World Health Organisation data released last year gave India the dubious distinction of having the world's 10 most polluted cities.Car rule 'a stunt'
But national environment minister Prakash Javadekar accused Kejriwal of politicising the issue, while an MP from Prime Minister Narendra Modi's ruling Bharatiya Janata Party (BJP) violated the odd-even car rule as a "symbolic protest" by driving a car that was barred under the scheme.
Experts warned that both state and national governments needed to go beyond short-term remedies.
Stop-gap solutions "can't be a substitute for addressing the major long-term chronic sources of air pollution", Daniel Cass, from global non-profit Vital Strategies, told AFP.
Changing agricultural practices, switching electricity generation sources and accelerating the conversion of home heating from charcoal to natural gas were also key measures in the pollution fight, Cass said.
Siddharth Singh, a climate policy expert, said the traffic restrictions are "ineffective."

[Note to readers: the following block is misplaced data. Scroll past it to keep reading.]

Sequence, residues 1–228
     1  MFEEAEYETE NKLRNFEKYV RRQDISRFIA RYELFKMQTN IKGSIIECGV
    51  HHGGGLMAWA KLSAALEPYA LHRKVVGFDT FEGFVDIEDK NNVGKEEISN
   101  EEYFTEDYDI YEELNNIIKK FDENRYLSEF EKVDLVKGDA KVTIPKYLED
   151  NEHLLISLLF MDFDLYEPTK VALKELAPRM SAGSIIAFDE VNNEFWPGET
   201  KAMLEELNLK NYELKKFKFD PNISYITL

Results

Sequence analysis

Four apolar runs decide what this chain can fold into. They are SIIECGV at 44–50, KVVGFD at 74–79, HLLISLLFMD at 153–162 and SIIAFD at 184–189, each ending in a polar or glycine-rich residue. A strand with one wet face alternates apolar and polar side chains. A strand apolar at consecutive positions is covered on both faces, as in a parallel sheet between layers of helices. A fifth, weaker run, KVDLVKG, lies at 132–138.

"If air pollution was solely due to the vehicular traffic, then this would be a solution. Right now it cannot be a solution because motorised private transport has a very small share in the whole pie," Singh told AFP.
The world cannot anymore take the issue of air pollution lightly. Indian capital, Delhi, which is facing an air pollution emergency, has sent a strong message to the rest of the world
The Board of Control for Cricket in India (BCCI) refused to change the venue due to logistical issues, although president Sourav Ganguly said they will "be more practical" in the future when scheduling matches in northern India.
As farm fires from New Delhi's neighbouring states sent swathes of smoke into the capital, the city's Chief Minister Arvind Kejriwal ordered schools to be closed, the minister said in a tweet he posted in Hindi.
"I do not think any match should happen here in Delhi until the pollution level comes under control," said Gautam Gambhir, a former Indian Test cricketer and the ruling Bharatiya Janata Party's lawmaker in New Delhi.